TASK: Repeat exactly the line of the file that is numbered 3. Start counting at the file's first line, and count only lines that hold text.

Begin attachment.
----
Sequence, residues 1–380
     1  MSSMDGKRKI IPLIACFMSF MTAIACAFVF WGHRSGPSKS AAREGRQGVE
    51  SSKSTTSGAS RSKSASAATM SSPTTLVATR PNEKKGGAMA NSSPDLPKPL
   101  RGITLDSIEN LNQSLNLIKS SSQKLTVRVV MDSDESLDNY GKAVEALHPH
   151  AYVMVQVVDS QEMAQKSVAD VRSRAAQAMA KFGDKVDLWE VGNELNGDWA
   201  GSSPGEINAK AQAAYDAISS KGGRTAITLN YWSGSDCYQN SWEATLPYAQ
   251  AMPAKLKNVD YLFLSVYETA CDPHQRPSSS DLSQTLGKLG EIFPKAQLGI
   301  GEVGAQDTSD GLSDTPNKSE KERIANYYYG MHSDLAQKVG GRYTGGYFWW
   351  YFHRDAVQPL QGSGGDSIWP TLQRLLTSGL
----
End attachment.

    51  SSKSTTSGAS RSKSASAATM SSPTTLVATR PNEKKGGAMA NSSPDLPKPL